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Stephen Hammond: To ask the Secretary of State for Communities and Local Government (1) which make and model of car the Minister for Housing has chosen as her ministerial car to be provided by the Government Car and Despatch Agency; 
Mr. Dhanda: I refer the hon. Member to the answer given by the Under-Secretary of State for Transport my hon. Friend the Member for Poplar and Canning Town (Jim Fitzpatrick) on 16 July 2008, Official Report, column 414W.
Mr. Hoban: To ask the Secretary of State for Communities and Local Government how much was claimed in reimbursable expenses by special advisers in her Department in each of the last 10 years. 
Mr. Dhanda: Centrally held records of the amount claimed in reimbursable expenses by special advisers in this Department are available for the previous five financial years, and are as follows. Information for earlier years would incur a disproportionate cost.
Mr. Dai Davies: To ask the Secretary of State for Communities and Local Government what assessment she has made of the effects on her programme to develop brownfield land of the loss in value of land banks acquired by commercial house builders. 
Mr. Iain Wright: Neither the Barker Review of Housing Supply nor the Callcutt Review of Housebuilding Delivery found evidence to show that landbanking is a significant problem affecting housing supply. These conclusions are supported by the recent publication of draft research commissioned by Office of Fair Trading as part of their ongoing market study of the homebuilding industry, the final report of which is due to be published later this year.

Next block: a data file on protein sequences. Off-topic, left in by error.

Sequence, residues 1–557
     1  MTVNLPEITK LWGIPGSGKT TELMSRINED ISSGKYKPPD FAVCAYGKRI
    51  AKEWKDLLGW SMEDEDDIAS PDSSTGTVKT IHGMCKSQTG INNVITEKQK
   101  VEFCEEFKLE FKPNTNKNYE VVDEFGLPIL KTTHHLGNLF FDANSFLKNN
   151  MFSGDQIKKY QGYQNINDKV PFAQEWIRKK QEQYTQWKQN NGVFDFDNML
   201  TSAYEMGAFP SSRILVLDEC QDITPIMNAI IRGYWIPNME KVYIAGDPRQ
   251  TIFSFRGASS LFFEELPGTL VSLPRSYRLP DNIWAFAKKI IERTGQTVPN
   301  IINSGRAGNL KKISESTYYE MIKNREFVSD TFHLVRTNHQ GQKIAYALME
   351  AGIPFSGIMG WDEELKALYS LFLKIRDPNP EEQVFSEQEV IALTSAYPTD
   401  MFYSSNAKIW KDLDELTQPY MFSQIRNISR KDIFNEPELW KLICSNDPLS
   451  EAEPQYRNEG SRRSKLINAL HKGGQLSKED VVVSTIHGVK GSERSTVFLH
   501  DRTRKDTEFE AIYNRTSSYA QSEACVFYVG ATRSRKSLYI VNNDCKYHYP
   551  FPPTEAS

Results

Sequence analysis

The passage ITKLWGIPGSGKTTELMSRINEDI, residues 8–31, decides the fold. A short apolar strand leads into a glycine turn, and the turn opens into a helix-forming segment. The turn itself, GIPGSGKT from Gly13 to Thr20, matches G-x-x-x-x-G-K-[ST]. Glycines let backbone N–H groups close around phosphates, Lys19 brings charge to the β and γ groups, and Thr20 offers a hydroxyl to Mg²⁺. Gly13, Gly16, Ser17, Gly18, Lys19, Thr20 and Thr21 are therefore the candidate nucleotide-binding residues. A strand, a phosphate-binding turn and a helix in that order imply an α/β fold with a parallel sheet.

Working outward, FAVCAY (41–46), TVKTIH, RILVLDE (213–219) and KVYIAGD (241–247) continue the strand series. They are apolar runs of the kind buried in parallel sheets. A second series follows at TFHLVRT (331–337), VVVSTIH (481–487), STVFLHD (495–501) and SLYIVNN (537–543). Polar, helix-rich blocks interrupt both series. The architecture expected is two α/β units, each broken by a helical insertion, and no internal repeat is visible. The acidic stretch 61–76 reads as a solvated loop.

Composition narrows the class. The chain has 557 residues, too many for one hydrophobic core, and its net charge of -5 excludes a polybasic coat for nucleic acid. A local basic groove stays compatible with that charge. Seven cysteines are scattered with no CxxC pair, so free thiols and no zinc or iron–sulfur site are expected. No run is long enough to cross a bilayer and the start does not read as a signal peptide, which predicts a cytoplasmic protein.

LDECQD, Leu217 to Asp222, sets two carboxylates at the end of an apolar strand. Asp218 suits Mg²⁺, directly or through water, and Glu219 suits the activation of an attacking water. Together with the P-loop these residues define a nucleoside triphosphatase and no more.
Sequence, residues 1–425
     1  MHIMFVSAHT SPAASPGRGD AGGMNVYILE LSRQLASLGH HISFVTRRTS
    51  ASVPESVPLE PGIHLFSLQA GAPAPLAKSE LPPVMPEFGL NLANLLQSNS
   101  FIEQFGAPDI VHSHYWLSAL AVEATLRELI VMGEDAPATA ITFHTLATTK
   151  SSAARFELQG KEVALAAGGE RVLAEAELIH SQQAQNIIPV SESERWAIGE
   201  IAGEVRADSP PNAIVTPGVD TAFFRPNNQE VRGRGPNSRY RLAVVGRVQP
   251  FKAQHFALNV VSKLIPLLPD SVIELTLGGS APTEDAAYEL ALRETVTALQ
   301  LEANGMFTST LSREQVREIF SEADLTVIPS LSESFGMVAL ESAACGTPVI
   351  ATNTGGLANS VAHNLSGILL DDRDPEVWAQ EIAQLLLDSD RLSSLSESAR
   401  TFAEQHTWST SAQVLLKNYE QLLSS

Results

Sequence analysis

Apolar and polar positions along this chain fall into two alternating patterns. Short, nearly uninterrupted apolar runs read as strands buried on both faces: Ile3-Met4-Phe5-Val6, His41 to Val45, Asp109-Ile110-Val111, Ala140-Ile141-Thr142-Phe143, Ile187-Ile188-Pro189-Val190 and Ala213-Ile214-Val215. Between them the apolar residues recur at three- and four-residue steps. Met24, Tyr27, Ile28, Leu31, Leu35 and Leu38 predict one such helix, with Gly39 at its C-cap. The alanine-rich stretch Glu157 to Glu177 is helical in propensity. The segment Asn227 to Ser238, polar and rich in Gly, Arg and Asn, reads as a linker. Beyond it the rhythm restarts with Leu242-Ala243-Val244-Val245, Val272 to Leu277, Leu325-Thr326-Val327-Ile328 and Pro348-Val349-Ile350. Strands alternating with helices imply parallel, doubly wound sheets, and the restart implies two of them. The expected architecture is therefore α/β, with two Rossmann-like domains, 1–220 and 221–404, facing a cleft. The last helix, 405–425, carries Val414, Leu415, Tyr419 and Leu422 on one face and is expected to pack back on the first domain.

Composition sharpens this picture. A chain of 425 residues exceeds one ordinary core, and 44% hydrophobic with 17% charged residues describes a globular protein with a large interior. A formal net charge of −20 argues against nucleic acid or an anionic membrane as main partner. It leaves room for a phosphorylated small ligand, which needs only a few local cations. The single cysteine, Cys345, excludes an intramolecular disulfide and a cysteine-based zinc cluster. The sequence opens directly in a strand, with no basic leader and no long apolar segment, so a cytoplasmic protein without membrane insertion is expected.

Therefore, while we continue to monitor the housing market closely, we do not consider it necessary to make a specific assessment of any impact that loss in value of housebuilders' landbanks may have on the development of brownfield land. However, we would expect commercial housebuilders to continue to assess the viability of individual brownfield sites when considering the timing of commencing redevelopment schemes.
Mr. Chope: To ask the Secretary of State for Communities and Local Government when she will respond to the application by the Dorset, Bournemouth and Poole economic partnership to run a pilot multi-area agreement. 
John Healey: A multi-area agreement with Bournemouth, Dorset and Poole was signed on 14 July 2008, along with six other agreements. This fulfils a major commitment in the Sub-National Review of Economic Development and Regeneration. These agreements will lead to significant benefits and improved outcomes in the economies of the seven sub-regions.